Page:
During the holiday season it’s common to experience an increase in events on your calendar. Sure, in the pandemic you may have less on your social schedule, but planning, shopping, and preparations still take up a decent amount of time and can cause a fair amount of stress as well. In addition, it’s common to focus on others, especially if you are a caregiver, and it becomes easy to neglect yourself in the process. However, if you want to be able to tend to others, it’s essential that you take care of yourself too. Investing in your well-being will allow you to be more present, engaged, energized, helpful, and healthy.
Knowing that stress levels have already been on the rise throughout the year, carving out time for self-care is not only responsible, but essential. Consider what has worked for you in managing your wellness in the past, especially during the holidays. From there, reflect on your current needs and brainstorm how you can make steps, no matter how small, toward achieving fulfillment in that area.
Reflect on your preferences and try to schedule yourself in, even if the time available seems short. An hour to decompress, a half an hour to exercise, 15 minutes to journal, 5 minutes to tune into your breath, and even one minute of gratitude practice can do wonders. Read this piece if you wish to learn more about self-care during the pandemic.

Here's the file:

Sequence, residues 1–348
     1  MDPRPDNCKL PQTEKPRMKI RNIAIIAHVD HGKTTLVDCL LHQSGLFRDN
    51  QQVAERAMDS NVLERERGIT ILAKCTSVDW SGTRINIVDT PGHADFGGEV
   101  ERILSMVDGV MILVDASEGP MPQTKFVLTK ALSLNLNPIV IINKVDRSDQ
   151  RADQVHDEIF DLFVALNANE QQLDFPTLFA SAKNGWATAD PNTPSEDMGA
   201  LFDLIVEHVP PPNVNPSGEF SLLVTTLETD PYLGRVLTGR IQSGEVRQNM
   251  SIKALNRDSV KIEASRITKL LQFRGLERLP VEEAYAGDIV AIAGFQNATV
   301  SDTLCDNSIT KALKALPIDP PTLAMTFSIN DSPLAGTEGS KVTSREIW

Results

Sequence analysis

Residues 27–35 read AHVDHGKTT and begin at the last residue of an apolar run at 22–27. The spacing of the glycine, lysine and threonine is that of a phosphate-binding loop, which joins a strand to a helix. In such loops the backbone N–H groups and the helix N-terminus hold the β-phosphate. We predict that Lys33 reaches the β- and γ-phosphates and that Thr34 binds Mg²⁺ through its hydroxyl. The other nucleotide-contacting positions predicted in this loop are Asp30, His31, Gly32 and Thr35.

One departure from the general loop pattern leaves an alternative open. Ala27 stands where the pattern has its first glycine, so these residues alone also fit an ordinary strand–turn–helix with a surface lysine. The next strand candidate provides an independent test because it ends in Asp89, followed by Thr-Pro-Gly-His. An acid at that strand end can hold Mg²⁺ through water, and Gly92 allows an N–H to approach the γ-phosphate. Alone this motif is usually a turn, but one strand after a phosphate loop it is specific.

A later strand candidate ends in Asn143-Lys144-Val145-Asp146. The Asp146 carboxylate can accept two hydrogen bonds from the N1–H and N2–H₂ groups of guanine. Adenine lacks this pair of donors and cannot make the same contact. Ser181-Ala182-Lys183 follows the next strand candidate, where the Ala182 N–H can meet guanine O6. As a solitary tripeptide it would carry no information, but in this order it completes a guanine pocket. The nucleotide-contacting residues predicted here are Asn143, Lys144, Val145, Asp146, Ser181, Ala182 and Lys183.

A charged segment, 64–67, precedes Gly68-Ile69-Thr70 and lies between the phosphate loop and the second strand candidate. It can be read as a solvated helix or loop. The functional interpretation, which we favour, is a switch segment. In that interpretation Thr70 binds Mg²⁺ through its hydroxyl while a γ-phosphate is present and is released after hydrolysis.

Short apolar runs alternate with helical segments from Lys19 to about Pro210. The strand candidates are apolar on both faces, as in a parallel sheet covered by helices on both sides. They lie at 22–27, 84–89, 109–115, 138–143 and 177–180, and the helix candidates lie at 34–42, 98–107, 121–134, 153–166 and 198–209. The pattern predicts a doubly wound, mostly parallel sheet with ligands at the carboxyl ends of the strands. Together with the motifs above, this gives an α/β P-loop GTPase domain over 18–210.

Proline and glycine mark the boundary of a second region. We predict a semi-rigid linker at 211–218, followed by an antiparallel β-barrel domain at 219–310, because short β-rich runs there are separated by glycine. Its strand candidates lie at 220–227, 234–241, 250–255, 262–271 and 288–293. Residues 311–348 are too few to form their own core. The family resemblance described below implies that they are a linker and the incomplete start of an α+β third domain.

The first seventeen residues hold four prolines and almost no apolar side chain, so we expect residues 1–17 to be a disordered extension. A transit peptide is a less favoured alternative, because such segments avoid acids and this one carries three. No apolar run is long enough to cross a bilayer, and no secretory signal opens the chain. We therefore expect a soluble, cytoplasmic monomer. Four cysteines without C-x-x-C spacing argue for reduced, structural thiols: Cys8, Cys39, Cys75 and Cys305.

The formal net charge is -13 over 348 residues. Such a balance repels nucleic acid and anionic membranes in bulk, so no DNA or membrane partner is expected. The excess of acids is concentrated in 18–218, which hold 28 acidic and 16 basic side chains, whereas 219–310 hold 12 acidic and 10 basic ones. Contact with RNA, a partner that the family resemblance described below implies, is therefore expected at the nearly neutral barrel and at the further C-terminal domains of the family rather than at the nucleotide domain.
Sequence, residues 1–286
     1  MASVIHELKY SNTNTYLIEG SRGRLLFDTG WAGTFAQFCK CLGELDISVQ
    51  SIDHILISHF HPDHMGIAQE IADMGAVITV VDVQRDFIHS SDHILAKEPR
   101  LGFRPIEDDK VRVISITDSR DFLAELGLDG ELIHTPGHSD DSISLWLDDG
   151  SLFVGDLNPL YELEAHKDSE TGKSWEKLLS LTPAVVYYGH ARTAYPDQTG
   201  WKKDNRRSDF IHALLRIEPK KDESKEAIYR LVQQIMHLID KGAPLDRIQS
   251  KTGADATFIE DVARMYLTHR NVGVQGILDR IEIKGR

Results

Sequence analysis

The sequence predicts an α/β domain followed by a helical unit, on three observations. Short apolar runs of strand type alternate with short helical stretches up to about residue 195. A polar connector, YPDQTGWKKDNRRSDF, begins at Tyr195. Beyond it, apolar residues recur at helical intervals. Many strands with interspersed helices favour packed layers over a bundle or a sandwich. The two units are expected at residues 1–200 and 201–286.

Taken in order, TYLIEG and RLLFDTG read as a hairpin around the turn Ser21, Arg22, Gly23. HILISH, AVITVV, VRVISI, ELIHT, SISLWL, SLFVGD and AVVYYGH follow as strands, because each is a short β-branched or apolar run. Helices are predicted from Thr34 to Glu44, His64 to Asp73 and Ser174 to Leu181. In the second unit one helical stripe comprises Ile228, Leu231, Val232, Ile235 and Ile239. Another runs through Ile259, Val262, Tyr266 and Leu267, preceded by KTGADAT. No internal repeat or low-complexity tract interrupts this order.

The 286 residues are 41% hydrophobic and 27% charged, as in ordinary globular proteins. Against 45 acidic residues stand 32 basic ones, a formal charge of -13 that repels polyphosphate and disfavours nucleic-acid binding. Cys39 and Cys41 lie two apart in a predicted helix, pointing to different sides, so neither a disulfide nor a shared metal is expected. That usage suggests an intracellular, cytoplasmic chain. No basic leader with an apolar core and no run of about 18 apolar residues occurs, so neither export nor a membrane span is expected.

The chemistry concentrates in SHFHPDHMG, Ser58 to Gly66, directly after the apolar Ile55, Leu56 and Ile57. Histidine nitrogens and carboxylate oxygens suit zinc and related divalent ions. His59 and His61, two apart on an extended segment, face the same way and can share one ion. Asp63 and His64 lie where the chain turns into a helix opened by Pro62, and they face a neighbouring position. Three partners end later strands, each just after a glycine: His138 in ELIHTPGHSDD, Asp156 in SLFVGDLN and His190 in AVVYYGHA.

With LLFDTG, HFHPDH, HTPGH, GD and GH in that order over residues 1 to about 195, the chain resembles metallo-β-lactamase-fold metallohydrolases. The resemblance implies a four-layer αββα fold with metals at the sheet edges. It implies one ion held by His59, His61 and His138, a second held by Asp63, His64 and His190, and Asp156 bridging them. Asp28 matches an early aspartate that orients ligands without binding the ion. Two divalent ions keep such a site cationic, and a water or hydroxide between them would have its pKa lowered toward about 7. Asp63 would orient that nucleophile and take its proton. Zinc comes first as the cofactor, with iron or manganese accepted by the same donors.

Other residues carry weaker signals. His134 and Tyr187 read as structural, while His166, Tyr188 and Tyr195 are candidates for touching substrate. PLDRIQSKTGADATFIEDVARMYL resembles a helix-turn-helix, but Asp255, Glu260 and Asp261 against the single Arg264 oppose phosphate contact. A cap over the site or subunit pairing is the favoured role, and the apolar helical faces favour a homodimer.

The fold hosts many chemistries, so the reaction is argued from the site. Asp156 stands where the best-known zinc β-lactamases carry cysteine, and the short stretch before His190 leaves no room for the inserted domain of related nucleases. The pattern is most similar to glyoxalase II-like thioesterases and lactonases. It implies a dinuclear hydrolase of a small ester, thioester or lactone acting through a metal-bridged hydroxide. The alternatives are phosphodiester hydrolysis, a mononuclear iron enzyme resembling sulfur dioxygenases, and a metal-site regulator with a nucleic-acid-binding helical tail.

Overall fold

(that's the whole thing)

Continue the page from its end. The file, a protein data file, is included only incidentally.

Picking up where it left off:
4. Know your limits
Stress is a normal part of life. It is a natural response to an external pressure that disrupts your equilibrium. While stress occurs for all of us, it may look different from person to person. A key step in managing your stress is to know your symptoms in order to intervene sooner rather than later. Take time to consider what your signs of stress are. Then, reflect on what pushes you in that direction as well as what serves as a buffer. For example, say you tend to get nervous in big social gatherings, and perhaps you realize that with an underlying lung condition, pandemic anxiety exacerbates your stress levels whereas using technology helps you to feel more comfortable.
Knowing your stressors empowers you to be cognizant of your limits. Being aware of your personal boundaries allows you to better manage them. Handling small spurts of stress tends to be more manageable than ignoring or minimizing them and finding yourself in a tizzy when deciding what dessert platter to use. Being aware of your limits also helps you to appropriately infuse timely self-care, such as deep breathing, taking a break, asking for help, or allowing yourself to rest.
5. Communicate your boundaries